The XTC Bumper Book of Fun for Boys and Girls: A Limelight Anthology – book review
An outstanding record of a superb band.
The XTC Bumper Book of Fun is a collection of the Limelight magazines that were an essential lifeline to fans of the reclusive Swindon Pop pioneers. Editor Mark Fisher has reproduced every copy and added up to date interviews with Andy Partridge, Colin Moulding, Dave Gregory and Terry Chambers alongside a number of celebrity fans.
Why do I love XTC? Probably because they seem to have a song for every moment, all dispensed through perfect melodies that are original, at times experimental but always innovative. Throughout however, even during the superbly existential Dukes of the Stratosphere phase, they always maintained the perfect pop sensibility.
There were songs for birth, death, the early magic of love, the misery of separation and divorce, childhood, aging, bereavement, worry, agnosticism, contempt for politicians, the madness and reality of war, even traffic jams. Most of all though, these songs are rich in imagery with arrangements that are as strong as any in popular music.
XTC never cultivated an image; they didn’t need to and it wouldn’t have sat well with a band who always came across as a group of ordinary men with extraordinary talent. However, there was that essential air of mystery about them, never contrived and possibly enhanced by the decision to stop touring; they were undoubtedly an enigma. And that is where Mark Fisher and his invaluable publication comes in.
One of the many joys of this anthology is that it brings the essential role of the ‘fanzine’ (although Limelight was certainly much more than that) back into focus. Most areas that had a thriving local music scene would have at least one fanzine and the role these played in the spread and development of alternative music is not to be understated. However, Limelight, alongside for example the Stranglers magazine, Strangled, would be on a different level and that underlines the value of what Mark Fisher did then and is doing now by re-issuing a deluxe version.
Quite simply, if you wanted regular and in-depth news of bands in the dim and distant past, you were at the mercy of the music press. Sometimes they did a sterling job and other times they didn’t but with XTC that problem was amplified as they had ceased touring and so cut out a vital opportunity for interaction with their fan base. Limelight actually started around the time that XTC stopped touring, although that is coincidental as Fisher wasn’t to know at the time that the band had played their final live show.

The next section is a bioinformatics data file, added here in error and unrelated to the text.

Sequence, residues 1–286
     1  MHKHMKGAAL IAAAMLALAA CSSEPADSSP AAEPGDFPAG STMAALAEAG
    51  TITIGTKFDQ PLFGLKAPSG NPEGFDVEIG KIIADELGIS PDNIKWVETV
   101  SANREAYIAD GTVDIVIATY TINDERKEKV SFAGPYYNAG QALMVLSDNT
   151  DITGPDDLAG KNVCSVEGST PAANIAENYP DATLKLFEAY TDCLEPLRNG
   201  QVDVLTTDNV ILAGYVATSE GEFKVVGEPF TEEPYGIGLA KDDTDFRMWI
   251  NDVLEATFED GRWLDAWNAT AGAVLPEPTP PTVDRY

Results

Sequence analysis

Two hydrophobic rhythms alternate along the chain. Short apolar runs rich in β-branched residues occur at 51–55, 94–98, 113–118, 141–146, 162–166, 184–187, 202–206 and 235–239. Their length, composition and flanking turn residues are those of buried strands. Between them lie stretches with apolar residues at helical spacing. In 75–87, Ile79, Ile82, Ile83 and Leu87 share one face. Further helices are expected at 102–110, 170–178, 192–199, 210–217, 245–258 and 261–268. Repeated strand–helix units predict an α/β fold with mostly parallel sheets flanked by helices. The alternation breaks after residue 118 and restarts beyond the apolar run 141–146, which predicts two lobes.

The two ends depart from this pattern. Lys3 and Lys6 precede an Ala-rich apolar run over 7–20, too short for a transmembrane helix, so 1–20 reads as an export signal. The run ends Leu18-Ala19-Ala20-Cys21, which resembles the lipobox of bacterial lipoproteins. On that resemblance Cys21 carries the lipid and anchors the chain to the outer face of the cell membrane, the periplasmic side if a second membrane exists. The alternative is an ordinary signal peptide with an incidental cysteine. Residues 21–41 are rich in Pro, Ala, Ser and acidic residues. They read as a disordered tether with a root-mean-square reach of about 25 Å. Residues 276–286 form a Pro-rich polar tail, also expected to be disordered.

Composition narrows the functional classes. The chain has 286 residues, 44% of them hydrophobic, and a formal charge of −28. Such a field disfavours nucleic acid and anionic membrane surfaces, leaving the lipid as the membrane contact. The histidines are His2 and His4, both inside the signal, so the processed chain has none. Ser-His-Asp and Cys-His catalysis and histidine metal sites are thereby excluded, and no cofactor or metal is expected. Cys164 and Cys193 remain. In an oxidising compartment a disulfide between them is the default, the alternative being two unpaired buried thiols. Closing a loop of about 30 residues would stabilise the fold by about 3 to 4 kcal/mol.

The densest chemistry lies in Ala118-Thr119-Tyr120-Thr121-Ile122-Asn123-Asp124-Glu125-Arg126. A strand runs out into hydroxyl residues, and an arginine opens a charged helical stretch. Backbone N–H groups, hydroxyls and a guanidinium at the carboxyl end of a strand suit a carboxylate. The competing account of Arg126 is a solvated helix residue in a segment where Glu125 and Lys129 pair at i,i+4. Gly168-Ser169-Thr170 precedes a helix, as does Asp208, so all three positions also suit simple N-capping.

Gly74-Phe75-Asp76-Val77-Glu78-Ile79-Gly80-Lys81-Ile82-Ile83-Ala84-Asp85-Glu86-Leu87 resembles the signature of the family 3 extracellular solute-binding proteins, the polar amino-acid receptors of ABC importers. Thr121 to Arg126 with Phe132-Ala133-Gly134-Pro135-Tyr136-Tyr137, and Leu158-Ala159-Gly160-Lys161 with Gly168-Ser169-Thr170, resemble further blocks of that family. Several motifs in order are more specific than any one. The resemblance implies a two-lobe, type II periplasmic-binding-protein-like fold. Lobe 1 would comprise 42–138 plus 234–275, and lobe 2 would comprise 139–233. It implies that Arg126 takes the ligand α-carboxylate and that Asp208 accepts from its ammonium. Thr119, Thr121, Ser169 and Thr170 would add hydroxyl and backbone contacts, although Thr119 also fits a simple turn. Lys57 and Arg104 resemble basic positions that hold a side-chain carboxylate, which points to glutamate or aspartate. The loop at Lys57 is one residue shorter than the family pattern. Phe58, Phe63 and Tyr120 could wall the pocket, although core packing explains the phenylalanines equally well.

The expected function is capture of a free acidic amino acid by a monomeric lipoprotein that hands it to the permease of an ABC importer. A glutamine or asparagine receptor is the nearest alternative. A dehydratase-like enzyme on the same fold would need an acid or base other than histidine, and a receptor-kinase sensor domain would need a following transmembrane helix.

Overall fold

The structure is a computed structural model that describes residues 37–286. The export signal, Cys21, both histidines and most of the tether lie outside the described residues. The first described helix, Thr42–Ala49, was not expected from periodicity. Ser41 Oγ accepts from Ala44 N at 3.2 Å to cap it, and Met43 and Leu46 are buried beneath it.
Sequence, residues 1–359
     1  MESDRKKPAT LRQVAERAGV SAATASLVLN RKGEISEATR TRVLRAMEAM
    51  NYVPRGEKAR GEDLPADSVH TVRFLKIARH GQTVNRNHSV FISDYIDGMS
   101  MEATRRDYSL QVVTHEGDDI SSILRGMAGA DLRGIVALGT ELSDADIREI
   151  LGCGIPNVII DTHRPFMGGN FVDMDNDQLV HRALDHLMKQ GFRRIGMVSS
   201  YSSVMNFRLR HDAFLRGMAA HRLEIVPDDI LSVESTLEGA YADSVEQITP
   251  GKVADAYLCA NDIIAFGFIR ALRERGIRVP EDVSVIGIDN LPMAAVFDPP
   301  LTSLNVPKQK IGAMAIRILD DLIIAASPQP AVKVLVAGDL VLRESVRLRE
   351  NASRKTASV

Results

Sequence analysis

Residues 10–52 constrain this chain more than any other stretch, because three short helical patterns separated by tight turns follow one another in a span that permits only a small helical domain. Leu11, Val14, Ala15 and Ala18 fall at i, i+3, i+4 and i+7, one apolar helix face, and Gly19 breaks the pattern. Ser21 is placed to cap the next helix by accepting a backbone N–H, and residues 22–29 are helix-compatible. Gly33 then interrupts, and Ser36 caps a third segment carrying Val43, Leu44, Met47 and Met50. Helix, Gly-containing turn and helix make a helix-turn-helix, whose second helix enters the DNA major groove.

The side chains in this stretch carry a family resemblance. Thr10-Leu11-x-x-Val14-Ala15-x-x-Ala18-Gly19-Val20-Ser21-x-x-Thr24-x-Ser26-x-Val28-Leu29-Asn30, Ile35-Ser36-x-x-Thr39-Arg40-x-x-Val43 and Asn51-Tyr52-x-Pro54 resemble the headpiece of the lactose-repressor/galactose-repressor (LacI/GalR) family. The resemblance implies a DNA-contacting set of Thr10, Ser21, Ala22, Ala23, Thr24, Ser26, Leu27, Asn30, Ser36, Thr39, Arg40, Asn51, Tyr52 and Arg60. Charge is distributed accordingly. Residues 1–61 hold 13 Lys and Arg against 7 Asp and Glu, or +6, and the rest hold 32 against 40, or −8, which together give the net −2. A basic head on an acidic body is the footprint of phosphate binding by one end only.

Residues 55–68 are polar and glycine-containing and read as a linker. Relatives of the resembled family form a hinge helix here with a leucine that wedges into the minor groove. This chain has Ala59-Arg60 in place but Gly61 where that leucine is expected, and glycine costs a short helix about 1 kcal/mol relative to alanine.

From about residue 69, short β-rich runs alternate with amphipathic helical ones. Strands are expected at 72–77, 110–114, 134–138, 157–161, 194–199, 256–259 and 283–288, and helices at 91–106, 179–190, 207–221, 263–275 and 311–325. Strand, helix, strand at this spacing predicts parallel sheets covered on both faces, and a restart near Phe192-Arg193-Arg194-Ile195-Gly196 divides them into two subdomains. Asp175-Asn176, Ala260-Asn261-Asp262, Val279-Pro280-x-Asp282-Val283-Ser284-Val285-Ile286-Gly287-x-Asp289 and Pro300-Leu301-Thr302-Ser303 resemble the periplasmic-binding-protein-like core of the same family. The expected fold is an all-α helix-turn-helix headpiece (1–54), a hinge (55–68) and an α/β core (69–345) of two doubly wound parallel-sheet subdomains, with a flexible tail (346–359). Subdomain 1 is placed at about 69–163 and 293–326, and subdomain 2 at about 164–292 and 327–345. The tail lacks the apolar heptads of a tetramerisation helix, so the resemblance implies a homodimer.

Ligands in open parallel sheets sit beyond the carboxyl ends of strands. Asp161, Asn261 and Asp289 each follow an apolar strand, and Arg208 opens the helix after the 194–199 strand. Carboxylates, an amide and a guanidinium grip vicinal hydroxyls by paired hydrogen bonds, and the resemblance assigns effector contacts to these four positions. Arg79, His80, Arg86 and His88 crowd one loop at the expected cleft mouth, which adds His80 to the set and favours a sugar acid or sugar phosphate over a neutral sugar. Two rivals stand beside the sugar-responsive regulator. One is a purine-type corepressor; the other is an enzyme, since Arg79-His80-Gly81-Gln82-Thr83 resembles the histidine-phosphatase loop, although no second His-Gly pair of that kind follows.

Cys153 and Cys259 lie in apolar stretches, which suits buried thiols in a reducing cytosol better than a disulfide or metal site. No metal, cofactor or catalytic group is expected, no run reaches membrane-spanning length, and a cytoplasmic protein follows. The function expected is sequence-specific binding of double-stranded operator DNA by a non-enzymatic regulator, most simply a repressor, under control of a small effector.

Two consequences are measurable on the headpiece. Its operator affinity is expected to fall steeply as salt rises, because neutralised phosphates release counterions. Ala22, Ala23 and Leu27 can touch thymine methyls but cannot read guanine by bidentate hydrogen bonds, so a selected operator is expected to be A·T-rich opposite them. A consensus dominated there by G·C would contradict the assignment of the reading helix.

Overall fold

However, the true value of Limelight is that it offers a unique chronicle of the development of XTC from heavy-touring power pop purveyors to indisputable kings of the studio and masters of the craft of innovation. We get enough reflective pieces on early XTC and fan’s memories of live performances to place the pre-Limelight story in perspective, but the post-English Settlement narrative unfolds as if we were re-living it and is all the better for it. That is why this is so much better than a biography as we read contemporary accounts from writers who knew the band well alongside deep and rich interviews with band members. It is a genuine pleasure to read again and, in doing so, I realise that much of what I know about XTC is actually derived from Limelight as little anecdotes and small details I have stored away over the years re-emerge.
Mark Fisher has also gained recent interviews with all band members, including a fascinating insight into the new Moulding/Chambers project, alongside a good range of celebrity fans, many of whom seem to be comedians.
For XTC fans, this will be a refreshing blast from the past; an uplifting chance to re-live bygone days. Contained within the 256 pages are an endless number of triggers for golden memories of a unique band and the impact that they had on their fans. However, arguably it is also an essential read for anyone who has an interest in music from that era or would simply enjoy a step by step account of how one band ploughed their own furrow in defiance of convention and virtually the whole music business. This is an outstanding record of a superb band and, certainly from my perspective, the music publication of the year.
For further information on Limelight and XTC, go here